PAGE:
MAY 2013

EyeWorld is the official news magazine of the American Society of Cataract & Refractive Surgery.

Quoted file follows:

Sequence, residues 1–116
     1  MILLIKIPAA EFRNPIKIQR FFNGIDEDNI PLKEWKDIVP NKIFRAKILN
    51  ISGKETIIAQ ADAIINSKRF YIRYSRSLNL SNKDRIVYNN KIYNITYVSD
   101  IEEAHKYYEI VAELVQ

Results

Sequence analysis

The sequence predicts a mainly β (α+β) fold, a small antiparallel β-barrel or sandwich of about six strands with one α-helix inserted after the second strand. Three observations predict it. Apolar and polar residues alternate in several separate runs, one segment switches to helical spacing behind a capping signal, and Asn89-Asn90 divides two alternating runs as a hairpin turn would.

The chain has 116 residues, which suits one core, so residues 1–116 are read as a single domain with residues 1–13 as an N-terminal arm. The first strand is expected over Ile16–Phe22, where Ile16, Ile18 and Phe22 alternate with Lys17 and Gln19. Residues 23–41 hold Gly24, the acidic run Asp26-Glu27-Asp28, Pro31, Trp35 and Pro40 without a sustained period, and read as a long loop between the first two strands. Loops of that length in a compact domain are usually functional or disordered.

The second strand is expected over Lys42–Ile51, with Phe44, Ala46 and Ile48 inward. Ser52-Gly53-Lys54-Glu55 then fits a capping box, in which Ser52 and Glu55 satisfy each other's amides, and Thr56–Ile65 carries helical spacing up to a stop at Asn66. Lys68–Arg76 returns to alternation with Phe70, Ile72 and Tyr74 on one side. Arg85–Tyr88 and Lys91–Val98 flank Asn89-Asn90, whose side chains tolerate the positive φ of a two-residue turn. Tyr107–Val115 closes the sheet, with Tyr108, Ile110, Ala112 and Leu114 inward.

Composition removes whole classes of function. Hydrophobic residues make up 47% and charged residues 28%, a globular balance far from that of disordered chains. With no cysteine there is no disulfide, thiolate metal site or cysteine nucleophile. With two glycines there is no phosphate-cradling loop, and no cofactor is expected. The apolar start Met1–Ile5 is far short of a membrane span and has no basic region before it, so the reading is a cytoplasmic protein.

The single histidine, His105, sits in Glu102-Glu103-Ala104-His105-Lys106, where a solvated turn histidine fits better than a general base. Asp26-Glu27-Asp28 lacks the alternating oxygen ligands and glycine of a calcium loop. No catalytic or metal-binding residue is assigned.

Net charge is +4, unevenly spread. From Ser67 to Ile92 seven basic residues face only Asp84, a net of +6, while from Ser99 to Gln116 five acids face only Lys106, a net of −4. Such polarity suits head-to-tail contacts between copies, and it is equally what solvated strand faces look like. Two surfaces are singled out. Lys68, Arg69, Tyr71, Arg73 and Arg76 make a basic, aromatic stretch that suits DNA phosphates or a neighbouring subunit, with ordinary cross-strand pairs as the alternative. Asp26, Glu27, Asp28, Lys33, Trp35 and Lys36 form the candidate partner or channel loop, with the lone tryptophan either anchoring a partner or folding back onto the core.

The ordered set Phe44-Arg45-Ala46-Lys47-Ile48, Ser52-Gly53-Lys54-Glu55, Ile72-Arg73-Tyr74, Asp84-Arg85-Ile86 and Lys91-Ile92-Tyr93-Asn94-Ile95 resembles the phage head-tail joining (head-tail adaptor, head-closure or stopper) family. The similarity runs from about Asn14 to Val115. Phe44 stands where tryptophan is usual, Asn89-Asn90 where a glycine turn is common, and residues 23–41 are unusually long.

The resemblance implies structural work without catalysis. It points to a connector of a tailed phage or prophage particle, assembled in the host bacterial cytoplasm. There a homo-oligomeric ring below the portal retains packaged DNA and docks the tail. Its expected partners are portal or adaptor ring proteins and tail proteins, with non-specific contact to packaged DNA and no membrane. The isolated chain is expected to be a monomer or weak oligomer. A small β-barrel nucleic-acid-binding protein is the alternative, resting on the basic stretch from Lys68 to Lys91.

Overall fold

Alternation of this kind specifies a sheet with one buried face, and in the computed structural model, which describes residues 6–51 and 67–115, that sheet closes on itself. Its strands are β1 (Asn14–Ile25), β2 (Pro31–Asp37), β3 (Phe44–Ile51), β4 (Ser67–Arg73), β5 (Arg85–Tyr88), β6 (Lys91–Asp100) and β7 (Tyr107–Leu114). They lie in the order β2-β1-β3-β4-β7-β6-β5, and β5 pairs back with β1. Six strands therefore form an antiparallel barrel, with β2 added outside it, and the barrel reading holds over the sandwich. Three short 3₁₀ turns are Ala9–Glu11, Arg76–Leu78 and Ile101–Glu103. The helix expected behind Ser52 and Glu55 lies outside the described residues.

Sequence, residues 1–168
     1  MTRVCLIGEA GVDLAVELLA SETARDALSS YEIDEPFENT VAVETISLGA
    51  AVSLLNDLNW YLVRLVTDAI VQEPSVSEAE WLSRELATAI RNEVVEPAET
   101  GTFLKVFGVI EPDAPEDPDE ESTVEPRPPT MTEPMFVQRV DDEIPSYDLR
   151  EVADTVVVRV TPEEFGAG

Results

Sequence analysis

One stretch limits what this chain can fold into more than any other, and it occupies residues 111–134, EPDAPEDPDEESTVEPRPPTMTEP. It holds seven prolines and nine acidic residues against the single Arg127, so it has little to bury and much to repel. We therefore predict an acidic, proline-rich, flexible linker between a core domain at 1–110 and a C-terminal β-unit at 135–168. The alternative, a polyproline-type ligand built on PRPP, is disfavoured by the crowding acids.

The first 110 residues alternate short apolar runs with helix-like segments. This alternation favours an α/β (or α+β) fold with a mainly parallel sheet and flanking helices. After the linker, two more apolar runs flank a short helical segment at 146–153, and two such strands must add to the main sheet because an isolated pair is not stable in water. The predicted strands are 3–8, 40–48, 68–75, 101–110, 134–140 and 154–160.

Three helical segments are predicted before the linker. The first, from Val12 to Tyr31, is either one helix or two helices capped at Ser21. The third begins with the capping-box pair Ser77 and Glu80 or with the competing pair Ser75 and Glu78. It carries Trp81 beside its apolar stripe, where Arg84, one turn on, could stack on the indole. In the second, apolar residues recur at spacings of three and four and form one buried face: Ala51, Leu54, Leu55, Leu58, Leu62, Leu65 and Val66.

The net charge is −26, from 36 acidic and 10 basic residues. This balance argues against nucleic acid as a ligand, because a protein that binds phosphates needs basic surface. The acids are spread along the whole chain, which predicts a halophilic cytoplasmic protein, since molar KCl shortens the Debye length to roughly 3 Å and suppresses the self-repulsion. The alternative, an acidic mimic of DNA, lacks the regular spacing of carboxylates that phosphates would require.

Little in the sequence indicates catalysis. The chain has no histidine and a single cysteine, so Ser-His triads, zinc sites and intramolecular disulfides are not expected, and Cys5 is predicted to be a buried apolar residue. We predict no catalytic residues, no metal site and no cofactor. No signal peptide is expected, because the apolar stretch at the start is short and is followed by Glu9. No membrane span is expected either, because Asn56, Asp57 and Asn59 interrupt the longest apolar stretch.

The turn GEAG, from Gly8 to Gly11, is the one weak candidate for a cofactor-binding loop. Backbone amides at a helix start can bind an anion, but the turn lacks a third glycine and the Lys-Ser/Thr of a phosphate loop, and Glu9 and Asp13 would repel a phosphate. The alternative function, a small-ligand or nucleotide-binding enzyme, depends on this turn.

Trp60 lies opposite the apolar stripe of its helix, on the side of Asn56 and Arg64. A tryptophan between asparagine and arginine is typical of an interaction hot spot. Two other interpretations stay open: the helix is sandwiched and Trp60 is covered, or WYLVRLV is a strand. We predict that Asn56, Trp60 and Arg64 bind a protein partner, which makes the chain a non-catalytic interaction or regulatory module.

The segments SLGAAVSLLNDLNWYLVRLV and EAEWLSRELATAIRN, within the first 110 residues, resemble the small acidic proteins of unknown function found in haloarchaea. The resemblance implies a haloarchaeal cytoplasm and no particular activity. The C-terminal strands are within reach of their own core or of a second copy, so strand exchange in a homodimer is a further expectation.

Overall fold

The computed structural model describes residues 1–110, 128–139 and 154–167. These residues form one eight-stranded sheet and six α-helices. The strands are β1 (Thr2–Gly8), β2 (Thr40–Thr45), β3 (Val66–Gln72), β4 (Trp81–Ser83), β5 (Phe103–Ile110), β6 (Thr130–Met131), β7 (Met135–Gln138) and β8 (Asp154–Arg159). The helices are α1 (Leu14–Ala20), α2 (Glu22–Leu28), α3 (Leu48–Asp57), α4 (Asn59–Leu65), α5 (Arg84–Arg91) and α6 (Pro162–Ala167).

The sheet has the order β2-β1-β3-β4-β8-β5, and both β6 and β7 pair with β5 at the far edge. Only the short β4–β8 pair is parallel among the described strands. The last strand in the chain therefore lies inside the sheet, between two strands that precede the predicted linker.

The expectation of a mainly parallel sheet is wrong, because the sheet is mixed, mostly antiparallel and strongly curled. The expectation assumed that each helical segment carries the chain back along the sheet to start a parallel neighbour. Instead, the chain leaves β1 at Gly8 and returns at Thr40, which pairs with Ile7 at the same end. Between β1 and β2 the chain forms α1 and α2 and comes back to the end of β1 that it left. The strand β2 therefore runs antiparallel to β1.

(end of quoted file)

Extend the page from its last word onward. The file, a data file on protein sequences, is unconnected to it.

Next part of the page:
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May 2013 Glaucoma February 2011 challenges/MIGS EW FEATURE 39 AqueSys glaucoma implant offers new way to bypass outflow obstructions and lower pressure by Ellen Stodola EyeWorld Staff Writer The device operates in the subconjunctival space and is a minimally invasive procedure A queSys (Aliso Viejo, Calif.), an ophthalmic company specializing in glaucoma treatment, is currently developing an implant, which, unlike other microinvasive glaucoma surgery (MIGS) procedures, utilizes the subconjunctival space to minimize pressure issues and improve outflow. Although approved around the world, it is still awaiting FDA approval in the United States, but shows potential for the future. The implant is designed to bypass all potential outflow obstructions, and it would provide longterm IOP control, which could help reduce glaucoma progression in patients. The device is designed to be an improvement over current treatment for glaucoma patients. The AqueSys implant is made from a gelatin material. Combined with a minimally invasive procedure, this would ideally have a lower complication rate. Ron Bache, CEO of AqueSys, commented on the device, its progress so far, and goals for the future. Richard Lewis, MD, Sacramento, Calif.; Thomas Samuelson, MD, adjunct associate professor of ophthalmology, University of Minnesota, Minneapolis; and Rohit Varma, MD, professor and chair, University of Illinois at Chicago (UIC) Eye and Ear Infirmary, Department of Ophthalmology and Visual Sciences, and associate dean for strategic planning, UIC College of Medicine, discussed the AqueSys device, including concerns and approaches it takes in comparison to other glaucoma treatments. The device and approach Dr. Lewis said MIGS is helping to transform glaucoma surgery. The AqueSys device is part of this transformation, and it operates in the subconjunctival space. "It's the space that we've been using for close to 100 years, but we've never had a MIGS procedure to get access to it," Dr. Lewis said. This offers the advantage of a simpler and safer way of doing a well-recognized procedure. AT A GLANCE The AqueSys inserter "The AqueSys technology and approach is focused on using the gold standard mechanism of action that has been proven successful around the world for 50 plus years, which is subconjunctival outflow," Mr. Bache said. "But we reinvented the methodology in terms of how the procedure is done, so instead of being ab externo with a lot of surgery with an invasive nature on the outside of the eye, we deliver the implant in an ab interno procedure." He said this approach is easily adopted by both glaucoma and cataract surgeons. "In addition to that, the material that is used for the implant is a gelatin material that is crosslinked to be permanent, but it's soft, non-inflammatory, and tissue conforming," Mr. Bache said. "So those two aspects of a minimally invasive ab interno procedure and the gelatin material make this a highly attractive method for significantly lowering intraocular pressure to the levels that are needed by glaucoma patients but doing it in a safe, adoptable, and standardized manner." Mr. Bache said the AqueSys approach helps to bypass potential outflow obstructions by establishing a new pathway with the implant and procedure. "What makes us different is our mechanism of action from some of the other minimally invasive technologies," he said. There is still a lot of debate about where the outflow obstruction actually occurs in a glaucomatous eye, Mr. Bache said. It was believed in the past that the majority was just at the trabecular meshwork, but the thinking has evolved that the obstruction could be occurring further downstream as well, he said. A standardized procedure that bypasses all of the potential outflow obstructions is understandable and has been proven in glaucoma treatment for decades, Other devices Several other companies are also working on glaucoma implants at various stages of testing and approval. The AquaFlow Collagen Glaucoma Drainage Device by STAAR Surgical (Monrovia, Calif.) is designed to reduce intraocular pressure with a collagen implant. The device creates a path for excess fluid to reduce pressure. This method does not penetrate the chamber of the eye. The device is designed to be implanted in about 30 to 45 minutes, with minimal recovery time. The Alcon (Fort Worth, Texas) EX-PRESS Glaucoma Filtration Device works on a similar level to the AqueSys implant, said Dr. Varma. The device is small and implanted between the inner and outer region of the eye. The device helps to bypass the drainage system of the eye. • The AqueSys implant operates in the subconjunctival space, making it similar to trabeculectomy procedures and different from other MIGS approaches. • The gelatin implant has been approved in many countries, but has not yet gained FDA approval in the U.S. • The implant procedure does not currently use mitomycin. However, mitomycin is often thought to help in glaucoma procedures, although it can put patients at risk for complications as well. but AqueSys now allows it to be done in a minimally invasive way that is safe and effective for all stages of glaucoma. Dr. Varma said that the AqueSys implant is fairly simple and easy to insert. He also said that the drainage pathway is very much the same as that used in trabeculectomy procedures. "It's a well-known pathway for reducing eye pressure in patients with glaucoma." It also helps to bypass the trabecular meshwork by using the subconjunctival space. Dr. Samuelson agreed that the AqueSys implant most closely resembles a traditional surgery, like a trabeculectomy, but he said it addresses the problem in a more elegant way. "It's a completely novel approach," he said. "The AqueSys strategy is completely different than all the other things that are being developed right now." Dr. Samuelson said the one thing the implant has in common with other MIGS procedures is that these are done through a clear corneal incision, but he said the way it uses the subconjunctival space is unique. Other devices use Schlemm's canal or the suprachoroidal space. "It's not directly comparable to the other MIGS procedures because they're designed to enhance the eye's natural outflow," Dr. Samuelson said. "This is completely bypassing the eye's natural outflow system." Trials and approval Currently, the AqueSys glaucoma implant is awaiting approval from continued on page 40